Rafeeq O.'s Reviews > The Eternal Champion

The Eternal Champion by Michael Moorcock
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it was amazing
Read 2 times. Last read July 10, 2021 to July 11, 2021.

Michael Moorcock's 1970 The Eternal Champion, first in the Eternal Champion Cycle, chronicles the adventure of someone who once was something of a nobody. He remembers "a woman. A child. A city. An occupation. A name: John Daker. A sense of frustration. A need for fulfillment" (1979 Dell paperback, page 13). John Daker cannot really remember much more than that. All he knows is that "[t]hey called for [him] and [he] went to them. [He] could not do otherwise. The will of the whole of humanity was a strong thing. It smashed through the ties of time and the chains of space and dragged [him] to itself" (page 11).

And where is John Draker drawn?--or "manifested," perhaps I should say? Well, it is Earth, actually, though whether of the deep past or the far future he has "no idea" (page 42), for time might be circular rather than linear. In any event, it is an Earth of proud kings in walled cities with "[m]inarets, steeples, domes, and battlements [shining] in the sun" (page 25), of warriors "flamboyant in armour of lacquered gold" (page 15) and armed with lance or sword or bow, of ships driven by sail and oar and bristling with brass cannon, of silent slaves always read to serve their noble masters with food or wine or a fresh-drawn bath...and of the menace of the Eldren, "the unhuman folk...called the Hounds of Evil, mankind's age-old enemies, reckless and wild" (page 17). The Eldren have humanity on the run once more. Or, actually, now that, according to the incantational plea of King Rigenos, they "rule one third of the world," perhaps it is more precise to say, as he does, that it is "fear[ed] they will advance yet farther into [human] territories" (page 15). This fear is axiomatic, really--it needs no special proof. And so humanity must call upon Erikose, its godlike but long-dead Champion.

Daker is Erikose, naturally. He considers the possibility that he is "experiencing classic paranoid-schizophrenic symptoms" (page 27), but of course we may discard the idea, since this is a fantasy novel, after all--why, there's even a Boris Vallejo painting on the cover! Vaguely Erikose also remembers many other names as well--"[m]any names--many names--many names" (page 148)--for his incarnations or iterations whose only goal is "To fight. .... To fight. Fight" (pages 178-79). He is a little dazzled by this world, but he has been here before, too, and he settles in to the role of god, of Champion, swiftly, with the arts of war coming back to him like forgotten memories.

There is barbaric splendor, from Erekose's robe of "deep blue, with complicated designed stitched into it in gold, silver and scarlet thread" and his "wide belt of light brown leather with an iron buckle in which there [are] set rubies and sapphires" (page 23), through camel-top howdahs "of ebony, ivory and mother-of-pearl, curtained in scintillating silks" (page 24), to castles whose "furnishings...would have delighted even the most jaded sybarite" (page 31). There is stern King Rigenos with his "tall, spiked crown of iron and diamonds" (page 15). There is "[m]oody Katorn, Captain of the Imperial Guard" (pages 31-32), who, despite the legends, cannot help distrusting the newcomer. There is the King's daughter, Iolinda, "an amazingly beautiful woman, with blonde hair piled beneath a diadem of precious stones which [seem] to light the sweetness of her oval face" (page 18). And of course there is the mystery of exactly what the Eldren really are, and what is the true nature of their threat.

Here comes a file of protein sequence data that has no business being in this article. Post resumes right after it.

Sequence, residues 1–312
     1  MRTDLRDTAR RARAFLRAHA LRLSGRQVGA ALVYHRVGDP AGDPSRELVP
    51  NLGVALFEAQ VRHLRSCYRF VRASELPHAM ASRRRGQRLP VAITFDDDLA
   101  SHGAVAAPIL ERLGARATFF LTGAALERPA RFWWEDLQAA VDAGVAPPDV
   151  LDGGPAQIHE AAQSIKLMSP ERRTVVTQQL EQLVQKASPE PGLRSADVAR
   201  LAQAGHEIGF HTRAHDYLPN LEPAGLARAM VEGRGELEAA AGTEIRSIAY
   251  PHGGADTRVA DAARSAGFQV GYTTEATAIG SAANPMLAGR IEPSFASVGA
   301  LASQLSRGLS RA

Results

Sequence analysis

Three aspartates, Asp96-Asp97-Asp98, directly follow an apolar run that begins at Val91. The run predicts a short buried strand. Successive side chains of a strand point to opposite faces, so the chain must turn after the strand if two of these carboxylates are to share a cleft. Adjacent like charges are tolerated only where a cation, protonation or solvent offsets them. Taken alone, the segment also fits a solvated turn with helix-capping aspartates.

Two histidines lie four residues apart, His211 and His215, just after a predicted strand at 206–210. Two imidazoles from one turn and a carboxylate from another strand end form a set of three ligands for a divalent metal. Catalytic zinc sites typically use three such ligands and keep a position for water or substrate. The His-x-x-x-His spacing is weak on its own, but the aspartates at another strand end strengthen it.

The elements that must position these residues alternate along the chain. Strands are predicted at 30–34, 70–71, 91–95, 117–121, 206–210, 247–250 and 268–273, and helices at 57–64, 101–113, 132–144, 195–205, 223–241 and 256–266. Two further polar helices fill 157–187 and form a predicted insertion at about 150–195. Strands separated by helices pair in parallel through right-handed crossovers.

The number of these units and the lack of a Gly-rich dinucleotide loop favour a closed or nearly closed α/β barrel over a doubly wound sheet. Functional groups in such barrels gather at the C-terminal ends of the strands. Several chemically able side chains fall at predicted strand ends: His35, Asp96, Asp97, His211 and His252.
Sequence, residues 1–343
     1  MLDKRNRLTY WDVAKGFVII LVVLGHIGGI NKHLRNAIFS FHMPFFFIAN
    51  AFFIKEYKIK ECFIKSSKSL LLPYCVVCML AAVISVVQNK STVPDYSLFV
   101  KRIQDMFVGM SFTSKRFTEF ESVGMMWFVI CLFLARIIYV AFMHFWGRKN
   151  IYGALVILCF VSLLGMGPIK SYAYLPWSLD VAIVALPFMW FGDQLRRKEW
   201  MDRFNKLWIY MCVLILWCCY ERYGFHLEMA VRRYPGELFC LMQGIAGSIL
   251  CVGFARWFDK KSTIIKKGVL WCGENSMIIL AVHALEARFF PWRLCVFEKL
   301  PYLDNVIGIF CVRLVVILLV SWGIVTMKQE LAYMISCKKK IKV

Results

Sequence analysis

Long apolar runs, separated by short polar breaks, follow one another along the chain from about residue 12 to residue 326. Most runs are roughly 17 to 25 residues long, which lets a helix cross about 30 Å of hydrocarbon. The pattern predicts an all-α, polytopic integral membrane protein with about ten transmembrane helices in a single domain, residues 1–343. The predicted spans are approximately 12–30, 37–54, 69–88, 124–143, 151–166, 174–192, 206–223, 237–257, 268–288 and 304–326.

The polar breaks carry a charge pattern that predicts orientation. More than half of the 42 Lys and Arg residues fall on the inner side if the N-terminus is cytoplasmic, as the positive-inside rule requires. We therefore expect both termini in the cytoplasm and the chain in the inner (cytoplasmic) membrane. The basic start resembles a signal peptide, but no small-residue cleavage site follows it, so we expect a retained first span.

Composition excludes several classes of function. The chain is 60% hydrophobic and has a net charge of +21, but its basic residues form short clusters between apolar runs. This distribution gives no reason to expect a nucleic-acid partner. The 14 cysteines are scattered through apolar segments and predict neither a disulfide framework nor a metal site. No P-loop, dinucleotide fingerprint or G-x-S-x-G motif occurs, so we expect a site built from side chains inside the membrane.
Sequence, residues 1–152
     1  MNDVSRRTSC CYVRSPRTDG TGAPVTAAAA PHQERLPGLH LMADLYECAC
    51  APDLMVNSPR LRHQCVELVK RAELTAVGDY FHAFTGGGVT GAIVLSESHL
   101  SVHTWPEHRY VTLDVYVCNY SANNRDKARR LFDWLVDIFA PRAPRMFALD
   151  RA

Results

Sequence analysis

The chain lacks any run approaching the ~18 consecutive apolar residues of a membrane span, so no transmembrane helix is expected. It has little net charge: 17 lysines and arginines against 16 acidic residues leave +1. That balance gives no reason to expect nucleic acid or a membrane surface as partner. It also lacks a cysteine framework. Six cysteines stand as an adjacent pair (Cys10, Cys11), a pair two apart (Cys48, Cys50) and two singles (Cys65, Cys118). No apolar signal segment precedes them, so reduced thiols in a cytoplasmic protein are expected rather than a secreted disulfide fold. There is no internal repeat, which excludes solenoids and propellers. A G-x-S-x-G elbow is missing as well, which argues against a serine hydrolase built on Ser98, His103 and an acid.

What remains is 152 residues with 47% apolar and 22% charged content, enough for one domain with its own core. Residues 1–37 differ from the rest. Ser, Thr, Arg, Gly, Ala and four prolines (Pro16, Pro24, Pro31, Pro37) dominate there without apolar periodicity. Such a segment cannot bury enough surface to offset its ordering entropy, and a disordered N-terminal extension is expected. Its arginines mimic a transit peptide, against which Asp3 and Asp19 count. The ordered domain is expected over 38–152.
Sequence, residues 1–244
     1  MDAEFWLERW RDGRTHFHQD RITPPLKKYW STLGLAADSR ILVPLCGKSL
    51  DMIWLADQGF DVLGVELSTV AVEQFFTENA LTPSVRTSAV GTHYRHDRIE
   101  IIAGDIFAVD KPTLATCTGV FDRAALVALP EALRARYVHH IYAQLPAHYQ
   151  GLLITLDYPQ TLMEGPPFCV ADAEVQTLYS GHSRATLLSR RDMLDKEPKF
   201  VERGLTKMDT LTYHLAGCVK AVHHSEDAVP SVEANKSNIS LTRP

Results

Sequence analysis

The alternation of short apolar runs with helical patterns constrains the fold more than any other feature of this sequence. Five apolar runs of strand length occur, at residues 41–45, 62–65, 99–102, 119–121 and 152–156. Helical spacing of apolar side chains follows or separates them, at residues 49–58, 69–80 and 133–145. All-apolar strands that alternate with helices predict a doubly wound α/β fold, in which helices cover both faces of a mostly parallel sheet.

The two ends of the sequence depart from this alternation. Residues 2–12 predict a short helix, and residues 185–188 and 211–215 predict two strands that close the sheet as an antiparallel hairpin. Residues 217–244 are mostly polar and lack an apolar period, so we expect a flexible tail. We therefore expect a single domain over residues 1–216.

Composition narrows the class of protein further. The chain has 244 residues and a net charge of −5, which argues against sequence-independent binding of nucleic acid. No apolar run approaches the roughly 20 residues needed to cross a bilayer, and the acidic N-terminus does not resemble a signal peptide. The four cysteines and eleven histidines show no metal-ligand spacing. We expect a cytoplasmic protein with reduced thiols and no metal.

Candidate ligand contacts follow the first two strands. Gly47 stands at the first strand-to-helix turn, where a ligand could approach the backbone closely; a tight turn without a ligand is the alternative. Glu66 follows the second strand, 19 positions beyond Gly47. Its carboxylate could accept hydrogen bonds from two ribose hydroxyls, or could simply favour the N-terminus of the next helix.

As Erekose girds himself for the war that will save humanity, he falls in love with the fair princess for whom he would do anything--anything. But war is hell, and even a godlike warrior may grow uneasy, even disenchanted, when, after all the men of an enemy city's fighting force have been "slain...at sea" (page 121), even the women and children, against his "plead[ing]," are to be put to death (page 122). A trusted comrade assures Erekose that they are not "bloody-handed butchers" but simply men who "are at war with those who would destroy" humanity (page 131). It is easier to say, perhaps, than to believe. Suffice it to say that Erekose, after committing himself to one awful decision, ultimately must make another judgment that will be even more agonizing.

Michael Moorcock's The Eternal Champion is heavy in the predictable fairy-tale-like trappings of fantasy writing, and sometimes characterization of those we will come to dislike is a tad wooden. For what it is, though, the book nevertheless is an enjoyable 4.5- to 5-star read with an ending well worth the journey.
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Reading Progress

Finished Reading
July 10, 2021 – Started Reading
July 11, 2021 – Finished Reading
July 12, 2021 – Shelved

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